Functional Causal Mediation Analysis With an�Application to Brain Connectivity
Mediation analysis is often used in the behavioral sciences to investigate the role of intermediate variables that lie on the causal path between a randomized treatment and an outcome variable. Typically, mediation is assessed using structural equation models (SEMs), with model coefficients interpreted as causal effects. In this article, we present an extension of SEMs to the functional data analysis (FDA) setting that allows the mediating variable to be a continuous function rather than a single scalar measure, thus providing the opportunity to study the functional effects of the mediator on the outcome. We provide sufficient conditions for identifying the average causal effects of the functional mediators using the extended SEM, as well as weaker conditions under which an instrumental variable estimand may be interpreted as an effect. The method is applied to data from a functional magnetic resonance imaging (fMRI) study of thermal pain that sought to determine whether activation in certain brain regions mediated the effect of applied temperature on self-reported pain. Our approach provides valuable information about the timing of the mediating effect that is not readily available when using the standard nonfunctional approach. To the best of our knowledge, this work provides the first application of causal inference to the FDA framework.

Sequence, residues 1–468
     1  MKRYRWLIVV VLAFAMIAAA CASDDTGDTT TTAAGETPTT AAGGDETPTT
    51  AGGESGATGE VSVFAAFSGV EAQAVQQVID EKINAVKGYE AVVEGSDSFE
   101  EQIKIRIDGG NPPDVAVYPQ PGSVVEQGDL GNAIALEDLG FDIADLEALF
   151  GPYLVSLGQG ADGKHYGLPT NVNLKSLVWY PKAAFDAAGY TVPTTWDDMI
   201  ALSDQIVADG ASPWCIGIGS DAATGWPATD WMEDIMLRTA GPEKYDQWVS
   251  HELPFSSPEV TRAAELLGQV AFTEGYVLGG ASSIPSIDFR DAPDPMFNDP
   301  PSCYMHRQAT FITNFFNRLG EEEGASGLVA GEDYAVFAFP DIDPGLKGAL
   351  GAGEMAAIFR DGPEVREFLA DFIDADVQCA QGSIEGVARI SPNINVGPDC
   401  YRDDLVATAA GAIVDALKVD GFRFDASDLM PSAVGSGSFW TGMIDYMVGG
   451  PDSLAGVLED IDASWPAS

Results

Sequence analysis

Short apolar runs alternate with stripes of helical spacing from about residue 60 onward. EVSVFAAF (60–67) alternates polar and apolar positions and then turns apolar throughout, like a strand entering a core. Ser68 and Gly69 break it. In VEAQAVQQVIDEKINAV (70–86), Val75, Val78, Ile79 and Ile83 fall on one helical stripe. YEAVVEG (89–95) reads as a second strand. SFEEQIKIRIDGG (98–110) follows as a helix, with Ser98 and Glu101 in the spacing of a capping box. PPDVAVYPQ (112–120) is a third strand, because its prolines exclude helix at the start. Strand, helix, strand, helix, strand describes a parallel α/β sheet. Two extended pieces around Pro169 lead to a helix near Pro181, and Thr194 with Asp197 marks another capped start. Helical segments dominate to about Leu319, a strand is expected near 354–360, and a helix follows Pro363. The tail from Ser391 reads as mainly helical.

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Volume (Year): 107 (2012)
Issue (Month): 500 (December)
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